In addition to their role in conferring functional competence to killer lymphocytes, Eomes and T-bet are responsible for enhancing expression of CD122, the receptor that confers responsiveness to IL-15 (11). IL-15 serves as a critical growth factor in the maturation and maintenance of memory CD8+ T cells, natural killer cells, and some atypical T cell subsets (19, 20). It was previously suggested that DN T cells from ALPS mice are more sensitive to IL-15 (7), an effect that might be mediated by Eomes. We, therefore, intercrossed Il15−/− mice with lpr/lpr mice. In contrast to the substantial protection associated with T cell-specific deletion of Eomes, deficiency of IL-15 afforded limited protection to lpr/lpr mice against accumulation of DN T cells and lymphadenopathy (Supplemental Fig. 2A, B). These data suggest that Eomes may direct other proliferative or survival mechanisms in DN T cells that transcend its effect on IL-15-responsiveness. Additionally, we found that IL-15 is not responsible for driving dysregulated Eomes expression in DN T cells of lpr/lpr mice (Supplemental Fig. 2C).

The events leading to expression of Eomes in DN T cells remain to be investigated. DN T cells are thought to arise from CD8+ T cells (5). A self-reactive T cell might undergo self-antigenic activation (3), leading to induction of Eomes as part of an incipient program of effector differentiation (11). Alternatively, a CD8+ T cell unfit to be engaged by self-peptide/MHC might degenerate into a state of autonomous survival (6), somewhat akin to Eomes-expressing central memory T cells, which survive independently of self-peptide/MHC (21). It is also possible that cytokine secretion during the pathogenesis of ALPS acts to induce Eomes (22), as interleukin-4 (IL-4) was recently found to drive expression of Eomes in a population of non-canonical, innate-like CD8+ T lymphocytes (14, 15). Though previous data argue against an absolute requirement for IL-4 in the accumulation of DN T cells in lpr/lpr mice (22), we cannot rule out a role for other cytokines or soluble factors in inducing and enhancing Eomes expression in Fas-mutant CD8+ and DN T cells.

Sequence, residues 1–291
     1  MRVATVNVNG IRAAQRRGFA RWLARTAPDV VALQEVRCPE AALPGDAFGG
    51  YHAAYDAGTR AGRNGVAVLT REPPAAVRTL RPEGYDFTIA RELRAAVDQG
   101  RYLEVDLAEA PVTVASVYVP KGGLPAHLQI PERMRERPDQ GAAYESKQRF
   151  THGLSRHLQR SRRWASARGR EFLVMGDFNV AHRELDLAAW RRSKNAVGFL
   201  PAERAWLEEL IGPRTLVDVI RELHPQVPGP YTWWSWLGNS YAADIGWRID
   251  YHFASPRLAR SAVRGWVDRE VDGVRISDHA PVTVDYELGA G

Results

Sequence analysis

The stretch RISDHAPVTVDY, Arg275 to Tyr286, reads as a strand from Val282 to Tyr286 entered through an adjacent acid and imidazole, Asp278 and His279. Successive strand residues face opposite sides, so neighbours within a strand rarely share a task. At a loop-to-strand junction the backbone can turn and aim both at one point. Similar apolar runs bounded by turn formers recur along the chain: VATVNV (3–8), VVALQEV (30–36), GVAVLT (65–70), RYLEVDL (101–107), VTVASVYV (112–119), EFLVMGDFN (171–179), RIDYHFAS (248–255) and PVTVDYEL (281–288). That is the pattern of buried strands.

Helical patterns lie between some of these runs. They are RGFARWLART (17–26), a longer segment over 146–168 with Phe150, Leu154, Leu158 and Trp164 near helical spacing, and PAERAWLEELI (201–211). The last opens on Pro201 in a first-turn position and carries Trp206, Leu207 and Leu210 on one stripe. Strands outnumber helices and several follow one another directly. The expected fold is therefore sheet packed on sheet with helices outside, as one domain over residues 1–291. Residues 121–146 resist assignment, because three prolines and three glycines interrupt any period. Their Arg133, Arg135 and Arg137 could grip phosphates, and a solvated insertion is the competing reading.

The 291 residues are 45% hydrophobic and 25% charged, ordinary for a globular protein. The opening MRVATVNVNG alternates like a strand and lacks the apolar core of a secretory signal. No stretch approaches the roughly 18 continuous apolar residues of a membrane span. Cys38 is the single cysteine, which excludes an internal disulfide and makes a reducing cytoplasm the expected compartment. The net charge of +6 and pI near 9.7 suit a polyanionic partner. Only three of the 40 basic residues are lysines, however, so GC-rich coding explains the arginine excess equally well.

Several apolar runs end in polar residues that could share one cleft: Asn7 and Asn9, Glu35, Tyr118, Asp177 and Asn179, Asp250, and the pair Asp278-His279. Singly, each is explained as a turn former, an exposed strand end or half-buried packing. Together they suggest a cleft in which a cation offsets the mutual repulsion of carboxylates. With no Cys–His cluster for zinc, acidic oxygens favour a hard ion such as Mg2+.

It has recently been suggested that CD8+ T cells deficient in Eomes may fail to effectively compete for the memory T cell niche (23). The present results raise the possibility that gain-of-function of Eomes in Fas-deficient DN T cells promotes their preferential proliferation in lymphoid tissues. This hypothesis is consistent with both the prior evidence of increased proliferation and defective apoptosis of Fas-deficient DN T cells (24) as well as the enhanced proliferation and Bcl-2 expression of Eomes-proficient compared to Eomes-deficient memory CD8+ T cells (23). Future studies will be designed to identify the target genes of Eomes that are involved in ALPS DN T cell homeostasis, since it appears to be more complex a matter than Eomes simply regulating responsiveness to IL-15 (Supplemental Fig. 2A, B). Despite uncertainties surrounding the ontogeny of DN T cells, our finding that Eomes is essential and non-redundant for DN T cell development or maintenance offers a novel therapeutic target to reduce the DN T cell compartment and alleviate a major source of morbidity in children with ALPS.

Supplementary Material

Acknowledgements

We thank Janet Dale for assistance with obtaining human samples.

This work was supported by NIH grants AI042370, AI076458, and AI061699 and the Abramson Family (S.L.R.) and training grant T32 CA09140 (S.M.G.). Part of this research was also supported by the Intramural Research Program of the NIH, NIAID, Bethesda, MD 20892.

Abbreviations used in this paper

1) DN
Double-negative (CD4CD8)
2) ALPS
Autoimmune lymphoproliferative syndrome
3) Eomes
Eomesodermin

Footnotes

Competing financial interests The authors declare no competing financial interests.